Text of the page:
Alamo heard Jael's pleas to bring her husband back into his good graces, she says, and told her that although her husband was cast out, there was, in fact, a way for her and her baby to get right with God.
She would have to "marry" him.
Alamo's five wives played with her young daughter in another room as she pondered her fate. "It's like having a loaded gun to your head," she says now. Refusing Alamo meant "not only you might get beat half to death, but you'll go to hell on top of it," she recalls.
Finally, she agreed. Alamo, she says, told her the Lord wanted the marriage consummated right away and led her into his bedroom.
Her memories of that night are detailed — the sound of the air conditioner, the texture of the purple velvet curtains, the red numbers on the clock, the ornateness of a bedside lamp, the way Alamo licked his teeth as he paused over her body before shouting, "The blood of the Lord Jesus Christ is against you, Satan! Thus saith the Lord: 'She is mine!'"
"I wrestled over [the question] was I raped or did I want this?" she says now. "I don't think it matters. I was 17. He was 60. I feel raped."
Alamo took several more "wives" while he was "married" to Jael, she says, including a 9- and a 10-year-old girl.
Alamo was calculated and adept when he began to groom young girls, Jael says. "Every little girl starting to develop wants to feel beautiful, and he was very good at making them feel that way," she recalled. "He preyed on the fact that we were alienated from our parents … [T]hey worked and worked, and some of us hadn't seen our parents in a very long time."
Although he was incarcerated during most of their "marriage," Alamo kept in touch through regular prison visits where Jael and other wives present at the time allege that he would fondle the younger girls as older wives blocked the view of the prison security cameras. He allegedly spoke to the girls in graphic terms about group sex and whips, says Jael, who became terrified of him.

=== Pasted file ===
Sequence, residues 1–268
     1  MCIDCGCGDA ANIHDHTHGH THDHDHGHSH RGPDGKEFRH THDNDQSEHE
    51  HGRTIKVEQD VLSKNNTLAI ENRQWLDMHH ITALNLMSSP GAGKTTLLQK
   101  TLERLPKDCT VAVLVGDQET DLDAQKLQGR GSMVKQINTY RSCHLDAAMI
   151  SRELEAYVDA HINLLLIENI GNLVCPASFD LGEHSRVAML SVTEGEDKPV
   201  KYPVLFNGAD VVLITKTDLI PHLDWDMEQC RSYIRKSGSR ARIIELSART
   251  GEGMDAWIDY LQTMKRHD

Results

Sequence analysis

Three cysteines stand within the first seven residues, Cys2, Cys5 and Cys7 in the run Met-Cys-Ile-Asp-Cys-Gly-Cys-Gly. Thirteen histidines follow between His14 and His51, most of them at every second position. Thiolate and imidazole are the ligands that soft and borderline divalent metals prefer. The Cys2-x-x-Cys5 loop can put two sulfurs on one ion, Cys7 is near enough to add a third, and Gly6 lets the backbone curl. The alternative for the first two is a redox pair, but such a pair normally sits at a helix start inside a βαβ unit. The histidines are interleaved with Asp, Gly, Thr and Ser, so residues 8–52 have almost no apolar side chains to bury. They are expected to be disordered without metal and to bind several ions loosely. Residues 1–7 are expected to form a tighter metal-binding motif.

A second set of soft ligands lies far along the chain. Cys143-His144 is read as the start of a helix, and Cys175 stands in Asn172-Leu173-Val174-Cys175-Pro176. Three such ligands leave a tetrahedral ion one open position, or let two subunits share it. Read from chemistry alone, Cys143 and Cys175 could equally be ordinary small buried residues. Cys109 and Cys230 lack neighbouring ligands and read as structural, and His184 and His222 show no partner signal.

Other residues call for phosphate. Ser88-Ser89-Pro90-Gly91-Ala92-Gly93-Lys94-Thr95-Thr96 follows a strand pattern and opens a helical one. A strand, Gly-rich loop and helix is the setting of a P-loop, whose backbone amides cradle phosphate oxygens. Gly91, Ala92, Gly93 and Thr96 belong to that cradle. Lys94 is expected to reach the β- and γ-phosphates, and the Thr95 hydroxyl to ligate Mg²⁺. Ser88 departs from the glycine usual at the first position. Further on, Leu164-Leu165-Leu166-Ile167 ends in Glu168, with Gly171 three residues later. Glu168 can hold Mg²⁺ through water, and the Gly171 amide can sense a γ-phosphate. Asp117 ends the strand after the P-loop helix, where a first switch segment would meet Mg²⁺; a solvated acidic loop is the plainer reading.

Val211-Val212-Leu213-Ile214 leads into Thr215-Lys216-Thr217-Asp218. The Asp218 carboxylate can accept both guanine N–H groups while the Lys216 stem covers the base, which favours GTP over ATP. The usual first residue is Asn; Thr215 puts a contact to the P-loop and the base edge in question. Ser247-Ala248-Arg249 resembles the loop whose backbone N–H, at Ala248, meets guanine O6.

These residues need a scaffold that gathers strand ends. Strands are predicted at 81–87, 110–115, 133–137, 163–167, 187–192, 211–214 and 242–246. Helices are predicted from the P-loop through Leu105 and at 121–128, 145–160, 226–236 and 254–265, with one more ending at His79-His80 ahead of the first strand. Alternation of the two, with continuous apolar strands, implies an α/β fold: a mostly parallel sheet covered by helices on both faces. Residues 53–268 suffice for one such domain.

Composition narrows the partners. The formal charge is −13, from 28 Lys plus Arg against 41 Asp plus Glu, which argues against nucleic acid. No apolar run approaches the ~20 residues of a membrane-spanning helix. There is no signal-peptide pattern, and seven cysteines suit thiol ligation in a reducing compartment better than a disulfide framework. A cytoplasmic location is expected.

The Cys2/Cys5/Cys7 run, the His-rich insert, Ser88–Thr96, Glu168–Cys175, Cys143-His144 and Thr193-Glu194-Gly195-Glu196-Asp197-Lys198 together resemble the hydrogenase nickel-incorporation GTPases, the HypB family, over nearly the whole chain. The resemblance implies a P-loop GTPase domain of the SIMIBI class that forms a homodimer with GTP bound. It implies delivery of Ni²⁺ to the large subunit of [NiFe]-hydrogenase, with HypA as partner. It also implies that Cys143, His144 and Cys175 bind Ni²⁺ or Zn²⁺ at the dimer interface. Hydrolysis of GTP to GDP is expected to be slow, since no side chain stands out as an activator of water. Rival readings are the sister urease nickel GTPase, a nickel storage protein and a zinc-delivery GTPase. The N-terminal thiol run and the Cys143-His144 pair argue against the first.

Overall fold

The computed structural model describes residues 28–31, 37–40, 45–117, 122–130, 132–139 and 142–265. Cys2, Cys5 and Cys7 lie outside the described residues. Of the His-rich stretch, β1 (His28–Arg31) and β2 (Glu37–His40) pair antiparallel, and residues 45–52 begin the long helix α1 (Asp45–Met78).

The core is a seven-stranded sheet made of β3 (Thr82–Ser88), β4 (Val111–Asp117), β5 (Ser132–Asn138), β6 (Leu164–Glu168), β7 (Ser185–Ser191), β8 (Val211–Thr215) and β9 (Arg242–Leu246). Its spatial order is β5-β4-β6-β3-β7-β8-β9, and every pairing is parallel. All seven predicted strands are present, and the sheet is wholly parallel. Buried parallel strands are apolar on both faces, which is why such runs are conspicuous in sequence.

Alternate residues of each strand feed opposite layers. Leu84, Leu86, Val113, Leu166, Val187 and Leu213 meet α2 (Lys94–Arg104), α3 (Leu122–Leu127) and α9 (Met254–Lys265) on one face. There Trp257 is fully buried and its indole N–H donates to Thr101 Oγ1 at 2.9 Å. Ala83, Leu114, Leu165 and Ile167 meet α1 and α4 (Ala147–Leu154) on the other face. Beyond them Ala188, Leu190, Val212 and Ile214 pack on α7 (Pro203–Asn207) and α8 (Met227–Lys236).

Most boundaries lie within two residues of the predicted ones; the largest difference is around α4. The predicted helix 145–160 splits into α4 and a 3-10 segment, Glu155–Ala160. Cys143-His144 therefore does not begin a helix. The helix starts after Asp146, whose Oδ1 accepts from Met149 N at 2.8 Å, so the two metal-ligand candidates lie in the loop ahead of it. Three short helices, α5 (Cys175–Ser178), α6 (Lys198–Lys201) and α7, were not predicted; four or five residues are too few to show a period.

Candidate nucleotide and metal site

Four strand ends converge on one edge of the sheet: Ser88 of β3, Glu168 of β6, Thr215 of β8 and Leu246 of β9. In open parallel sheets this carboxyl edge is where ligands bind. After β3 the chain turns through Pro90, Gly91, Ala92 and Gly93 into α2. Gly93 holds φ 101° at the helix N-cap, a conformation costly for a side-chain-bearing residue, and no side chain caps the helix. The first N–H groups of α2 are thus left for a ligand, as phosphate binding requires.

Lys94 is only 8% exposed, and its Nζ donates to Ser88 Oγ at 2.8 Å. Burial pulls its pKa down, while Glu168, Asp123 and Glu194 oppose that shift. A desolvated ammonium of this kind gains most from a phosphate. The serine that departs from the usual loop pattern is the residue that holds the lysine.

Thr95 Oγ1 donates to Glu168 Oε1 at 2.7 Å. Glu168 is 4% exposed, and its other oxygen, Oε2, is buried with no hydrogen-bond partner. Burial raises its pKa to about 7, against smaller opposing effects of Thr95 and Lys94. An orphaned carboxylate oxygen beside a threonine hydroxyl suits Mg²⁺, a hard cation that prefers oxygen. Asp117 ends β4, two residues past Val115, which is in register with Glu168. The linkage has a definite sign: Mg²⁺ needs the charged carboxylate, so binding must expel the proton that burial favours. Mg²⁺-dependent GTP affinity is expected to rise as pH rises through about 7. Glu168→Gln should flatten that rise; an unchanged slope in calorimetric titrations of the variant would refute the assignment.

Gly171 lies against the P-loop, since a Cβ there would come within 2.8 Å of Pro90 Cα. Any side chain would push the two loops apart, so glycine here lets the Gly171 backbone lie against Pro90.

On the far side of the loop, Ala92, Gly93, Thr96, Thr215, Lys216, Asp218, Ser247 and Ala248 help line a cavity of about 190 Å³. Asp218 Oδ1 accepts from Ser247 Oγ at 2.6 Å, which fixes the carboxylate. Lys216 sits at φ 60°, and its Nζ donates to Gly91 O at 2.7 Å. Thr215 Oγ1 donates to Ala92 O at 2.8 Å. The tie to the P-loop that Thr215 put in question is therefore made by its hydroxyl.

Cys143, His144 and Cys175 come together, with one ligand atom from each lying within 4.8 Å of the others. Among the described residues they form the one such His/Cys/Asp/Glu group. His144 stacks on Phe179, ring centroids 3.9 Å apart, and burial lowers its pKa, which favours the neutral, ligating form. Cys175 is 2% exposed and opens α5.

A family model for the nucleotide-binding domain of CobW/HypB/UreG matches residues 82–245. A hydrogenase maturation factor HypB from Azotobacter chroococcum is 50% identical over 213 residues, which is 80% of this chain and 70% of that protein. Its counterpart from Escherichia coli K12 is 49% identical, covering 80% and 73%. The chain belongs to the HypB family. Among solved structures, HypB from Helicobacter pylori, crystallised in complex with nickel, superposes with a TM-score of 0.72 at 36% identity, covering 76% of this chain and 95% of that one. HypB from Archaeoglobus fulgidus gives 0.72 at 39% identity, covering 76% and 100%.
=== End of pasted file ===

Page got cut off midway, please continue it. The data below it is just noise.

At the time, Jael says, she was still in awe of Alamo. She worked 18-hour days transcribing the tapes Alamo would record for his followers, she says, editing out his curse words. "I would have killed for him. I would have killed my child or anyone for him, even though I hated him," Jael says now. "I'd become his little demon, finding sick joy in telling people horrible things on orders from Tony."
Finally, in 1998, Alamo walked out of prison a free man. This time, the cult leader decided to set up shop in the little town of Fouke, Ark.
Stranger in a Strange Land
Residents of Fouke, where Alamo has built a small empire over the last nine years, were unaware of Alamo's history until recently. In February 2006, the town even presented Tony Alamo Christian Ministries with an official certificate of appreciation "for all the deeds that you and your church have done to aid those in need within our community, for your Christian love and kindness."
But Alamo's relationship with the residents of his new base of operations began to sour later in 2006, when he posted armed guards along the public street leading to his compound. Judy Frazier, who runs Fouke's general store, told the Report that in the spring of 2006 she drove past the compound to admire flowers that Alamo's followers planted. "As I was turning around, a guy got out of a pickup truck with a gun, a rifle, and wanted to know what I was doing," she recalls. "I was livid and came back and told my husband, [and] he told a [town] councilman. It was pretty much ignored, but a few months later it happened to other people, a lady and her niece out looking for a lost dog."
Frazier began looking into Alamo Ministries online. There, she found a shocking litany of accusations and detailed accounts of serious physical abuse.
In addition to Jael's account, a former schoolteacher at the compound told the Report that Alamo ordered her epileptic daughter beaten, claiming that the girl's seizures were the devil's doing.
Ex-follower Sue Balsley told the Report that her teenage son was suspended in the air by four men as he was allegedly given 140 blows on Alamo's orders for sending a love letter to a female classmate.
Cyndi Jo Angulo wrote she was 15 and already married to someone else when she was summoned to Alamo's house to become his "wife" in 1995, only to discover that her 11-year-old sister had already been taken as his "bride." She also says she was one of the girls Alamo allegedly fondled during prison visits.